We’ve covered Notes’ live text feature before in the hallowed pages of dadams.co.uk, but this time we’ll dig a bit deeper and show a real-world example. Let me first thank Mikkel Flindt Heisterberg, as his post helped me clarify some of this. I knew the basic concept but needed a little help, and his post gave me what I needed.

A quick intro for anyone who doesn’t know what live text is… Notes has the ability to recognise a set of characters and associate an action with them. Out of the box Notes will recognise people’s names and e-mail addresses… the obvious thing to do with a name is click on it and look up the person in a solution such as, oooh, IBM Lotus Connections Profiles. You can also teach Notes to recognise things like post codes, and then perform associated actions like find the place on a Google Map, look at the local weather, or find the nearest restaurant or wi-fi hotspot. You can teach Notes to recognise account numbers, part numbers, projects codes… anything that is formed of a recognisable string of characters… such as flight numbers.

So here’s the scenario. I receive an e-mail from a colleague saying they’re travelling on British Airways flight number 1541, and it’s typed in as BA1541. That’s easy to recognise using the following regular expression (or some other variation of it):

[BA]([0-9]{3,4})

That’s ‘BA’ followed by three or four digits which range from 0 to 9, and this recogniser means that BA1541 will be recognised as live text… once there’s an action associated with it. The obvious action is looking up that flight number on the BA web site, but here’s where it gets tricky. The BA web site doesn’t want BA1541 passed to it, just 1541 because it assumes that the BA is a given. So 1541 has to be extracted from the value, and this is where groups are used. Look at the regular expression above and you’ll see that the part which defines the flight number (not the operator, BA) is contained within parentheses – this creates a group.

As luck would have it, for the BA flight information that’s all you have to do. As the one and only defined group, just the number (not the BA) is passed to the BA web site and the live text action works. So let’s look at a slightly more complex example.

FlightView.com also allows you to look up flight details, and not just BA flights. But FlightView requires that the airline code (the two letters) and the flight number (the digits) are entered into separate fields. As we’re no longer just looking for BA flights, the regular expression needs to change, and also needs to define two groups and cater for two digits… so it now looks like this:

([A-Z]{2})([0-9]{2,4})

Now let’s build that widget. Start off by clicking on the widget icon in the Notes toolbar (it looks like a jigsaw piece) and select ‘Web Page’. In the next dialog box select ‘Web page by URL’ and then enter http://flightview.com. In the next dialog box select the ‘From a form on this web page’ option and hit the Next button. You’ll then see the following form:

The wizard will work out the available web-based forms to fill in, and present them at the top of this dialog box. Selecting the right one will turn the fields green showing that this is the form that you want. Select Next. On the Basic tab of the next dialog box you can set the widget’s name – you should also select ‘Wire as an action’, and then go to the Advanced tab. In here you’ll tell the wizard that you’re going to use the airline and flight number fields, but not the airlines from the provided drop-down list… so set out the dialog box as follows:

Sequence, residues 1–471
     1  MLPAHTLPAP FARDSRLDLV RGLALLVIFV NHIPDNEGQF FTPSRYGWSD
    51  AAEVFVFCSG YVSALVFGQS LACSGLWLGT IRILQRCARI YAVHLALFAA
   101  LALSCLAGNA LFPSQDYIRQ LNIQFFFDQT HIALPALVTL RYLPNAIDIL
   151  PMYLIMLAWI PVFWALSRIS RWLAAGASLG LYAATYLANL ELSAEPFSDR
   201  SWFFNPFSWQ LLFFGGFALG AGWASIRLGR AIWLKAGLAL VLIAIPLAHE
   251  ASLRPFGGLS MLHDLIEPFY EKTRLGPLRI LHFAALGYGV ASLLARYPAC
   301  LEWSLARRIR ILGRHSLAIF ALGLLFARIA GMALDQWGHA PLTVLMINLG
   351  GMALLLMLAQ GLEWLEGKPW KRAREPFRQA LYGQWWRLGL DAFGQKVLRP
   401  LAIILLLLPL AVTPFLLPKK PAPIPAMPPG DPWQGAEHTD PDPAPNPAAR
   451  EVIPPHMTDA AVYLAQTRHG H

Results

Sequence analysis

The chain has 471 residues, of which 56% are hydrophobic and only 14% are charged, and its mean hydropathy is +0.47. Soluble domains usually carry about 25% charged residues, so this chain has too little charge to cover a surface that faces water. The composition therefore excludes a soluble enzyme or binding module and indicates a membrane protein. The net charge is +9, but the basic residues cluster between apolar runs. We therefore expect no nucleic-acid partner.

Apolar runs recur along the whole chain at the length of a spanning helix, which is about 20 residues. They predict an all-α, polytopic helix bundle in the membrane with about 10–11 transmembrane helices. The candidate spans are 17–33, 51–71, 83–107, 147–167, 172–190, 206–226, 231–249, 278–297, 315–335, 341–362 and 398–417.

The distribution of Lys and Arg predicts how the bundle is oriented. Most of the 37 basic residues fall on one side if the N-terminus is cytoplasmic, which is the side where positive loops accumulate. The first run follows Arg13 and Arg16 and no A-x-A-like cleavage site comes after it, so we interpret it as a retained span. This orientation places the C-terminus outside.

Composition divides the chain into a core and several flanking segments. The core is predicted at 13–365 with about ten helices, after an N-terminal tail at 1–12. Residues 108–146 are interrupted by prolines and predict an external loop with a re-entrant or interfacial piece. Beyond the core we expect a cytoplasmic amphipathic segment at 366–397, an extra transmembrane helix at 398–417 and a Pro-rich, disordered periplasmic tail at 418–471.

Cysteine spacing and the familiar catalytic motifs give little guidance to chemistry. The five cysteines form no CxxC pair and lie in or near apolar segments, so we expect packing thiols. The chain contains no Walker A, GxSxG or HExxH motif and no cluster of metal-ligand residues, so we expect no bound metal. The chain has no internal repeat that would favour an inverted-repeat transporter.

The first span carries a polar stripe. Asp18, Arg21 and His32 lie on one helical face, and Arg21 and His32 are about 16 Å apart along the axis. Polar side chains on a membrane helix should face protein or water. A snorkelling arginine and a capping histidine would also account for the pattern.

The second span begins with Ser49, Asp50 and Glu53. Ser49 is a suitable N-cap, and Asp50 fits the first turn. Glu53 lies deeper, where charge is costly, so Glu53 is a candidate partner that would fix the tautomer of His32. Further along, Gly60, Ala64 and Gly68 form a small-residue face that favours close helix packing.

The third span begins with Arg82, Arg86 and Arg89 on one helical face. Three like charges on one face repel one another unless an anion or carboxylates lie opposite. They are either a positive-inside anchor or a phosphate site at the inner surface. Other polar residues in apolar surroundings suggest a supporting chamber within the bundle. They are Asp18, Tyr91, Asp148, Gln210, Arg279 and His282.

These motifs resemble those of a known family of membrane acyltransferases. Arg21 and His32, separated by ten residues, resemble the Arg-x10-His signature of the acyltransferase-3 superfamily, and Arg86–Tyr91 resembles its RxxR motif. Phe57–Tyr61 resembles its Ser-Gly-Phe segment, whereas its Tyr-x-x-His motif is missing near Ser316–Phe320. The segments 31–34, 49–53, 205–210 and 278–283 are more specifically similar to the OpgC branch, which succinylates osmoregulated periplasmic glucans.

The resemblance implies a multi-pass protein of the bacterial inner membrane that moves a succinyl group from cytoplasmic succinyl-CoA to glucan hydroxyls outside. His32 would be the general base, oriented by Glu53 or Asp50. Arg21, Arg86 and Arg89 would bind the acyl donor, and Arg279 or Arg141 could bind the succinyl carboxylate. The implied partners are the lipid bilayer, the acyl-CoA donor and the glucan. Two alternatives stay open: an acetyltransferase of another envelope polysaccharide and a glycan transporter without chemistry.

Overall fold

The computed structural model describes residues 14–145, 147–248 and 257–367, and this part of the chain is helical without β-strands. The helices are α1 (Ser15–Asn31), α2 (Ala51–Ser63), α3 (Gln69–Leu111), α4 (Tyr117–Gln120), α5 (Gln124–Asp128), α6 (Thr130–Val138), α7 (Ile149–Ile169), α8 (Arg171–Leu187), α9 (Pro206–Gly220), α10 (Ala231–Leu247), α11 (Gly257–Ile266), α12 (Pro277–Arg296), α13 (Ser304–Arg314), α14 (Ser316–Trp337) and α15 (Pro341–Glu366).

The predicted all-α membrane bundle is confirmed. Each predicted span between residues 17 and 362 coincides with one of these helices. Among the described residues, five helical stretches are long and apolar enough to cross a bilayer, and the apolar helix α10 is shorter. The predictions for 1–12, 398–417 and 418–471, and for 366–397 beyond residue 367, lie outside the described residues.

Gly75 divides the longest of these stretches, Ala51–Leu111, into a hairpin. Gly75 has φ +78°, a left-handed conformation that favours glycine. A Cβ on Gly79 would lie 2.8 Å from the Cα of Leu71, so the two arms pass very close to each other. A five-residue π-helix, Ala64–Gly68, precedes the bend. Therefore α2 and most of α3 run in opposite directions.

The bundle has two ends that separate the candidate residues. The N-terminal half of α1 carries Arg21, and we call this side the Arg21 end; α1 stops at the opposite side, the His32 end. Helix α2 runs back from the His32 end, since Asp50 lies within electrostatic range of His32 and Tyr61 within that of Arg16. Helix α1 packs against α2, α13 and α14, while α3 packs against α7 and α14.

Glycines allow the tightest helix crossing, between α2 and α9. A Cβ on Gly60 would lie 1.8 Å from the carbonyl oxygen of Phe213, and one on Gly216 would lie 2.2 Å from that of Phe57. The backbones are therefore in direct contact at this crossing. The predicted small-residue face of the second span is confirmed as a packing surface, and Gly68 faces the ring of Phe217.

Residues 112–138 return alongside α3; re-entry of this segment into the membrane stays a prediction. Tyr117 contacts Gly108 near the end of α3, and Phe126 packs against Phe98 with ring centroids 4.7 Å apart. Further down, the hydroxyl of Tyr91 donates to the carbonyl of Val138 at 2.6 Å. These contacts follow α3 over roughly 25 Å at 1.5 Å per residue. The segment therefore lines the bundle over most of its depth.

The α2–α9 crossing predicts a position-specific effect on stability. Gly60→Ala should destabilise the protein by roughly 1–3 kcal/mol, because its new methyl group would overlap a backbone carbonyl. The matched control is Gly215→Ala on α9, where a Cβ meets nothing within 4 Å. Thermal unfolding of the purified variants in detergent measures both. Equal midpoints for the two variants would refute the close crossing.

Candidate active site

In the next dialog box you’ll need to configure a recogniser – press the New Recogniser (the Americans spelt ‘recogniser’ with a z) and fill out the dialog box as follows – but first create a new content type:

After clicking OK you’ll get back to the main wizard – ensure that you have clicked the option for ‘Recognised content’ and select the recogniser you just created. I would advise selecting ‘Tab’ for the option of how users see the results, but that’s up to you.

Now switch to the Advanced tab. One of the content type properties will already be set, but you’ll have to click the Add button and add the other content type, as seen below:

Click the Finish button and you’re done. Now you’re ready to check if this works (it should do) – add some flight numbers into a new e-mail and save as draft. Preview the draft e-mail and the flight numbers should show a blue dashed underline. Click on one and you should see the flight number broken into the two parts and passed to the home page of flightview.com – and then the results. Bear in mind that FlightView works best with flights that are currently in the air or scheduled to leave soon.

If you also created a British Airways specific widget you should notice that BA flights will be recognised by both your BA and FlightView recognisers, so it’s best to set a default action. If you base the British Airways widget on the recogniser built here, you run the risk of associating non-BA flights with the BA web site, so it’s best to build a BA-specific widget and set that as the default action for BA flights. On the plus side, you’ll be able to create a dashboard from the two actions, providing a BA and FlightView view of the flight in question… click on the image above to see an example.

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